"Film record of a journey to Egypt and a four day holiday in Cairo. The film begins at Croydon Airport, recording the activities of the ground crew and the arrival and departure of two Imperial Airways planes, the Heracles and the Hengist. The film records a stopover in Crete on the journey to Cairo where the plane is moored close to a yacht. The final section of the film records street scenes in Cairo and an excursion to the Great Pyramid and Sphinx, returning to the city by Marg and Old Heliopolis." East Anglian Film Archive.
"Ruth Stuart's Travel picture 'Egypt and Back With Imperial Airways,' was not only a fine example of consistent photography, but also showed a keen knowledge of editing and cutting that let the pictue breeze along in an entertaining fashion." American Cinematographer, Dec. 1933, 321.
The film was recognized as "Best Film in the General Interest Class" in the Institute of Amateur Cinematographers contest of 1933 (American Cinematographer, Jan. 1934, 370).
This film is a part of the Institute of Amateur Cinematographers Collection held by the East Anglian Film Archive.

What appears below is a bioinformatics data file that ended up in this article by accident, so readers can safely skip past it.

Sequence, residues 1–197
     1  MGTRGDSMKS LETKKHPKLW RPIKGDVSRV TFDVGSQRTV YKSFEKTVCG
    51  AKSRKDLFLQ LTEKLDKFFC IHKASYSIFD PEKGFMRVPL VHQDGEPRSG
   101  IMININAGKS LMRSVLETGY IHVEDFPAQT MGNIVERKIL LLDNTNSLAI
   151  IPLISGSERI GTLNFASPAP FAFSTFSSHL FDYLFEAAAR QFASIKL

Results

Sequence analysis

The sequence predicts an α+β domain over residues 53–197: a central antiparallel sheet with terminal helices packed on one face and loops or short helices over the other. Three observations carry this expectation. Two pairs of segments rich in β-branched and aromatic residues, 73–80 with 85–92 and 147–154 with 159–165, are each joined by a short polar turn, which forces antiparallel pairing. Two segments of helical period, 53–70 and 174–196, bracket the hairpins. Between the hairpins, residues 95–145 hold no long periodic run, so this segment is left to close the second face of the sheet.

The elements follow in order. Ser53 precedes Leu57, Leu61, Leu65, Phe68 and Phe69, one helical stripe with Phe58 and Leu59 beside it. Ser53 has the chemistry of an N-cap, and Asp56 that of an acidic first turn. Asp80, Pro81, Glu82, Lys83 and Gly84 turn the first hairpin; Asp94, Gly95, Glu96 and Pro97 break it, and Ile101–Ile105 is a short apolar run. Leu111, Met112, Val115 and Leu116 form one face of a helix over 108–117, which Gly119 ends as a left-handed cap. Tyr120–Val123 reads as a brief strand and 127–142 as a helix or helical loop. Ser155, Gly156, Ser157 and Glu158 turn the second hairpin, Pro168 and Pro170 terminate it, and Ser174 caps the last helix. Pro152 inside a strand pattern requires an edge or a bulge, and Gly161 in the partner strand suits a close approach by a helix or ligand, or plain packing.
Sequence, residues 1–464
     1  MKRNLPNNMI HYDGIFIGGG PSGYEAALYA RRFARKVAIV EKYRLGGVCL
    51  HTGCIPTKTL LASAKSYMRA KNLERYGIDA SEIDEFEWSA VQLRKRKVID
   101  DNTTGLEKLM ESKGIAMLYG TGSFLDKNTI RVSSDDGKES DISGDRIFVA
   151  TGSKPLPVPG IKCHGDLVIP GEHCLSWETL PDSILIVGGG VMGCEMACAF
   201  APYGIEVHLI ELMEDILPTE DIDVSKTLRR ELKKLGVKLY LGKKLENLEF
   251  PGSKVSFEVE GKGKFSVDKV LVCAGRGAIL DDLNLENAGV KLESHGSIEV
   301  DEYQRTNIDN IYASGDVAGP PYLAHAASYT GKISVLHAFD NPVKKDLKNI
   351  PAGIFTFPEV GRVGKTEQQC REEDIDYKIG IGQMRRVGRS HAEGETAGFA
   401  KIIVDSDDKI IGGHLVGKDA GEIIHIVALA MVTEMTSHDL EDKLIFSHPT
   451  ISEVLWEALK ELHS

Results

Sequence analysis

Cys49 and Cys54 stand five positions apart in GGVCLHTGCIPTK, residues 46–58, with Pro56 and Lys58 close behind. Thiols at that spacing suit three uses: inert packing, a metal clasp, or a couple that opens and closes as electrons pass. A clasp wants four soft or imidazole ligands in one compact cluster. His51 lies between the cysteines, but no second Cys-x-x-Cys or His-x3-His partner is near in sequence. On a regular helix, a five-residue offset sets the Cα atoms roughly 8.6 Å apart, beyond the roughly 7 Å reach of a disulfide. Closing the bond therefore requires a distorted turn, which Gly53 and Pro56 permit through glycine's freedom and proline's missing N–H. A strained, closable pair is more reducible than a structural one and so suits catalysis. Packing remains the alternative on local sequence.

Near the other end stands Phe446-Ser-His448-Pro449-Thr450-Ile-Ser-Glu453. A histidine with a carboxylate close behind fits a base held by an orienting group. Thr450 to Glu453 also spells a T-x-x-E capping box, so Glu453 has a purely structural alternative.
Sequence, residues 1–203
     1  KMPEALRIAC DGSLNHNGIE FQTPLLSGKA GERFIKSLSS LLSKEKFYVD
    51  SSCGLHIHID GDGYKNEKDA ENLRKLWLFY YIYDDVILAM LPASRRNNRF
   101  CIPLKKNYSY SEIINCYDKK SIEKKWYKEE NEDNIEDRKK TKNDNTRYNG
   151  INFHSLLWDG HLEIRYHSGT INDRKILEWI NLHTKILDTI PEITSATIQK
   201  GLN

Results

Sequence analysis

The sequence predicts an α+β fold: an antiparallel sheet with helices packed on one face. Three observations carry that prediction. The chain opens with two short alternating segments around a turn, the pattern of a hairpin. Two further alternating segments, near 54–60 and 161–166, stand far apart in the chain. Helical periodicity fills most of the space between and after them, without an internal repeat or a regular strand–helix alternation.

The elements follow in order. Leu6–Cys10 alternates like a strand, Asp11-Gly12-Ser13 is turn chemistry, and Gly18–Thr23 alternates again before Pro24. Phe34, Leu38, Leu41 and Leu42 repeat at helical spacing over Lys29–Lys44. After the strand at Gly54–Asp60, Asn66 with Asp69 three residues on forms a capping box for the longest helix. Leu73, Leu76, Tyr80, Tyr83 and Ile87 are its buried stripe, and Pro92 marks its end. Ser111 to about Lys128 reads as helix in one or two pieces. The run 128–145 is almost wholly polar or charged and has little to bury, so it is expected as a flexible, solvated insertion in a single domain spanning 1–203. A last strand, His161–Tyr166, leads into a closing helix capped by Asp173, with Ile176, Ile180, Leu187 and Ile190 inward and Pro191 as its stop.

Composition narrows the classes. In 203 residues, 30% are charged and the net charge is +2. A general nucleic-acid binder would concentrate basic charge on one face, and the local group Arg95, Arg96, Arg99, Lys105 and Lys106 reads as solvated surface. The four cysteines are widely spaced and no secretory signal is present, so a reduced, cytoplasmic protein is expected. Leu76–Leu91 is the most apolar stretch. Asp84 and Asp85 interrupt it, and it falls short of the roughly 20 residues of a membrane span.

Institute of Amateur Cinematographers Collection, East Anglian Film Archive
"Shots at Croydon airport include: pilots looking a weather/visibility chart; mail and passengers arriving at Coydon airport; a Handley Page 42 (Heracles) landing; baggage being unloaded by uniformed handlers (K.L.M. is the baggage handler); Heracles being towed; ground crew inspecting the aircraft following landing; coaches arriving with passengers for continental flights; passengers embarking on a Handley Page 42 Imperial Airways aircraft (Hengist - a Royal Mail insignia on the outside of the plane); aircraft taking-off; brief shot of a woman in the cabin looking out of the window.
Shots on Crete include: a flying boat (Scipio) being refuelled; passengers and crew on the company's yacht.
Shots in Egypt include: scenes on the streets in Cairo, including a visit to the city's eastern quarter; the pyramids; observations of market day in Marg and encounters with the local population, including sightings of a leper and women collecting water from a river, on the return journey from Old Heliopolis to Cairo." Viewing notes via East Anglian Film Archive.